chow chow

chow chow

[chou chou]
chow chow, breed of powerful nonsporting dog whose origins are obscure but whose development was accomplished many centuries ago in China. It stands from 18 to 20 in. (45.7-50.8 cm) high at the shoulder and weighs from 50 to 60 lb (22.7-27.2 kg). Its abundant double coat consists of a soft, woolly underlayer and a dense, straight topcoat that stands out from the body. It may be any solid color. The ancestors of the chow chow are believed by some to have been the mastiff of Tibet and the Samoyed. However, because it is the only breed possessing a black tongue, other authorities contend that it is a basic breed and the progenitor of the Samoyed, the Keeshond, the Norwegian elkhound, and the Pomeranian. Whatever the truth of its origins, it was used as an all-purpose hunting dog in China 2,000 years ago. Its name derives from the pidgin-English term for miscellaneous cargo, of which the dog formed a part, brought from China to England in the late 18th cent. It is raised as a companion and house pet. See dog.
Lüchow-Dannenberg is a district in Lower Saxony, Germany which is usually referred to as Hannoversches Wendland or Wendland. It is bounded by (from the west and clockwise) the districts of Uelzen and Lüneburg and the states of Mecklenburg-Western Pomerania (district of Ludwigslust), Brandenburg (district of Prignitz) and Saxony-Anhalt (districts of Stendal and Altmarkkreis Salzwedel).


In medieval times the counties of Lüchow and Dannenberg occupied the area (from the early 12th century on). These counties were originally Slavic states that lost their independence to the Duchy of Brunswick-Lüneburg in the beginning of the 14th century.

The area was ruled by Lüneburg until 1705 and became then a part of the Electorate of Hanover. When the Kingdom of Hanover was annexed by Prussia (1866), the districts of Lüchow and Dannenberg were established within the new Province of Hanover.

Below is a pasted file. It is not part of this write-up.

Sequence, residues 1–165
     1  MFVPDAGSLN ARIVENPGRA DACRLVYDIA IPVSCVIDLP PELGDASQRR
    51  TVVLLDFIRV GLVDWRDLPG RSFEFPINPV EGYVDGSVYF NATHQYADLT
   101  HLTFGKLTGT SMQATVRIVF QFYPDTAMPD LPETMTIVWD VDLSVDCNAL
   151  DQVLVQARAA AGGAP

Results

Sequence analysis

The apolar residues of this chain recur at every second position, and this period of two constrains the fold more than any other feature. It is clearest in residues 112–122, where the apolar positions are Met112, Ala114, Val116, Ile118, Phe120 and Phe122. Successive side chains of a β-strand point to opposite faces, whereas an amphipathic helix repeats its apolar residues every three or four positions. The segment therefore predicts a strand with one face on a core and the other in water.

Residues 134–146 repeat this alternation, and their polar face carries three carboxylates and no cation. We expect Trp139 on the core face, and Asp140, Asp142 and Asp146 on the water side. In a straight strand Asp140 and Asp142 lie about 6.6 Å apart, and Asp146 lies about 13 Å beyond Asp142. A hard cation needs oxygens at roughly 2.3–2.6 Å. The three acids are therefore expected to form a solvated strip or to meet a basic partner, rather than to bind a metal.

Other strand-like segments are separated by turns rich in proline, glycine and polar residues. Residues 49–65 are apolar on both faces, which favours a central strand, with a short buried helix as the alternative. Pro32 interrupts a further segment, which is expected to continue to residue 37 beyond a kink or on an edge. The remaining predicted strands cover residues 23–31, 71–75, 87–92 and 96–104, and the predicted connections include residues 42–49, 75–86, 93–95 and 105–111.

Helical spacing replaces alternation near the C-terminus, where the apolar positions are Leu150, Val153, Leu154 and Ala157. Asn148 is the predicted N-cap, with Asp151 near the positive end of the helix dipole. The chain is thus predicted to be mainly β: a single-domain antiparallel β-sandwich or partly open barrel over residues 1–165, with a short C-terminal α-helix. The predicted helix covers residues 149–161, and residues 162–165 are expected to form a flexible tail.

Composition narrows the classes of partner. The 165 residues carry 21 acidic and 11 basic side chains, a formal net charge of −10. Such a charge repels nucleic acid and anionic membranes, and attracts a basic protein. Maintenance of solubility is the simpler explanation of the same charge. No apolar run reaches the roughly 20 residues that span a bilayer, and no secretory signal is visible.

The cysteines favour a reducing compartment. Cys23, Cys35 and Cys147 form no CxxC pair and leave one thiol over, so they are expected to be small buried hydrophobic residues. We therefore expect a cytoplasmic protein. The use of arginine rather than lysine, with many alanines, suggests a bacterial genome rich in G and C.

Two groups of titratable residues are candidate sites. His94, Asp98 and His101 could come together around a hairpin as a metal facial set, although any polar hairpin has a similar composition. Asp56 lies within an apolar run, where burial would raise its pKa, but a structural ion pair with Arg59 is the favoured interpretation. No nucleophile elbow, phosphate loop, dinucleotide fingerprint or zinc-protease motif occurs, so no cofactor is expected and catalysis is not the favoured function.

In 1932 the two districts of Lüchow and Dannenberg were merged into the current district with Dannenberg as capital. In 1951 the seat of the administration was moved to Lüchow.

Current issues

Since the end of the 1990s the financial problems of the municipalities in the district grew more and more severe. To save money spent for administration a major municipal reform is currently discussed. The two most likely outcomes of the reform will be either a conversion of the district to an urban district, in which the 27 municipalities will then become boroughs of one town. The other discussed solution is the merger into two Samtgemeinden. The dissolution of the district and inclusion of the two remaining Samtgemeinden into the districts of Lüneburg and Uelzen are also discussed.


The district is named for the two main towns. It is better known as the Wendland, a designation referring to the Slavic people of the Wends from Slavic tribe Drevani, who lived there till the 18th century — the last known user of the local dialect of Polabian language died in 1752. The landscape is characterised by riverside woodlands along the Elbe river and a hilly countryside.

In addition the Wendland is known for the tiny village of Gorleben (part of the Samtgemeinde Gartow), where a disposal place for radioactive waste was established. Gorleben has been a site of clashes between the police and protesters since the 1980s.

Coat of arms

The coat of arms displays:

  • a fir, which was the heraldic symbol of the counts of Dannenberg
  • three yellow rhombs from the arms of the counts of Lüchow

Towns and municipalities

Samtgemeinden (collective municipalities) with member municipalities

1seat of the Samtgemeinde; 2town

External links

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